Sheriff takes look at security at inauguration
By Nick Hiltunen
Published in News on January 30, 2009 1:46 PM
Wayne County Sheriff Carey Winders took along a cadre of officers to Washington to attend the inauguration of President Barack Obama, but they were doing more than sight-seeing, the sheriff said.
They were researching the kind of security required to handle similar high- profile events, Winders said.
"As we all know, President Bush came to Goldsboro," Winders said, referring to a visit by the senior Bush to Seymour Johnson Air Force Base during the Persian Gulf War.
"We know that there's a very good possibility he (Obama) will ... come this way," Winders said.
Winders said he had a few good reasons to think Obama might visit Goldsboro --Seymour Johnson Air Force Base, for instance. Another is the Rev. Dr. William J. Barber, the president of the state's National Association for the Advancement of Colored People, Winders said.
After taking in the inauguration, which set attendance records, Winders said he asked himself a few questions as a law enforcement officer.
"If President Obama were to come here, what would you expect? You could expect probably three times the crowd," Winders said, prompting nods from members of his staff who also attended the inauguration.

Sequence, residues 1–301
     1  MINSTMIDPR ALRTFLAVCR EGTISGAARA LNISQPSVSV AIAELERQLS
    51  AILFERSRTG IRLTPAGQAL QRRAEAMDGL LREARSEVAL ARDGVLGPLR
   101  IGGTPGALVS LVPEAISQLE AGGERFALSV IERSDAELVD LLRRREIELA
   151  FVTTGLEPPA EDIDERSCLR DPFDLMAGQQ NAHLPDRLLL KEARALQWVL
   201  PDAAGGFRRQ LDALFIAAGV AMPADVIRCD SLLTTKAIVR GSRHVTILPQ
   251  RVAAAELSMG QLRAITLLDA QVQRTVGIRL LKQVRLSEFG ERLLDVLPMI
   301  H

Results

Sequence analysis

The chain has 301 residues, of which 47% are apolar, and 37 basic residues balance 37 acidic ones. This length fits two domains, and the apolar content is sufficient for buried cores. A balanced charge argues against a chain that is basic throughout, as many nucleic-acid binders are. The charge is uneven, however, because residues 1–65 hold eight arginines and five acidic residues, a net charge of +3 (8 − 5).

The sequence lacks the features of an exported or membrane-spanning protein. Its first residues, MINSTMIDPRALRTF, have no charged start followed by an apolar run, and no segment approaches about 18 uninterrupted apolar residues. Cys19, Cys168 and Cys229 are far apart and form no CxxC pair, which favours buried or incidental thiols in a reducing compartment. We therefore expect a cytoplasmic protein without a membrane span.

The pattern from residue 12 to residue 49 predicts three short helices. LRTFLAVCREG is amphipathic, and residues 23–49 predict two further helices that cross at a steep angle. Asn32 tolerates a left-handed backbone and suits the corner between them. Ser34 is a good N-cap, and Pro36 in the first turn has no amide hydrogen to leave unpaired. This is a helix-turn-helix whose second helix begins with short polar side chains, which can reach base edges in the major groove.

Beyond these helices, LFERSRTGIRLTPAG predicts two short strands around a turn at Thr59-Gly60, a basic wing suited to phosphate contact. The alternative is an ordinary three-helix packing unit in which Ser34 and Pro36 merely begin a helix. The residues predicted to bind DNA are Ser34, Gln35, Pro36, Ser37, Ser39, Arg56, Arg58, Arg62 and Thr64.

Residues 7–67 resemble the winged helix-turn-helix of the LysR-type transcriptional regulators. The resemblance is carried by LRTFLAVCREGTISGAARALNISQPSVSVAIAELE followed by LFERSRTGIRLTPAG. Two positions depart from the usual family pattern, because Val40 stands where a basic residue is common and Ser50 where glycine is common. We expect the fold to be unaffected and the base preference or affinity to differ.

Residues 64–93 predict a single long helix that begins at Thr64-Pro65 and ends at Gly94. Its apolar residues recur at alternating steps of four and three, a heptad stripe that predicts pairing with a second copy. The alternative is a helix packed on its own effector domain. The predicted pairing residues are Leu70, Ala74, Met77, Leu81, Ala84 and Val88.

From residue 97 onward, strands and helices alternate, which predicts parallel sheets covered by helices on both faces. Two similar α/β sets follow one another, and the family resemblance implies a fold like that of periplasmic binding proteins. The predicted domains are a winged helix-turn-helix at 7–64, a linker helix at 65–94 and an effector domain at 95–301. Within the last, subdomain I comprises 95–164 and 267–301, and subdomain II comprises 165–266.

Members of Winders' staff, including Capt. F.S. Greenfield, Lt. Carter Hicks, Sgt. Rudolph Dupree, Detective Sgt. M.L. Reid, Detective Sgt. Ron Baker, Sgt. Warren Baker, Sgt. Larry Wynn, Sgt. Larry Hardy, Betty Scott and Deputy Betty Lance attended.
Commissioner J.D. Evans also went with the group, the sheriff said.
"It was a special event that we wanted to go to," Winders said. "I think it was a historical event for many of our officers here."
The group made trips to local stores to keep warm, buying things like foot warmers and fleece to brave the cold weather, they said.
Once there, they found warmness of a different sort, Baker said.
"It was open arms. They were giving out different material to keep warm with," the detective said. "We felt like we were welcomed there."
Winders said he also sought out Sen. Kay Hagan, D-Greensboro, but said he couldn't reach her through the crowds.
"Our intention was to get to the senator, and talk to her about some issues, but she was impossible to get to," the sheriff said. "I will make another attempt to see her on those issues, soon."
Hicks said the election of Obama is a milestone that sets new goals for young, black Americans.
"They make a statement about 'shock and awe,' Obama seemed to just bring that kind of atmosphere," the lieutenant said. "As an African American male, I never thought I would experience anything even coming close to that. It was just overwhelming for me."
"The bar has been set. All the way to the top," Hicks added.
But Baker said that he felt pride that transcended race.
"Everybody was like, "What's up? Let's do this, this is our moment. It was ... I felt special to be an American that day. That's a fact," Baker said.
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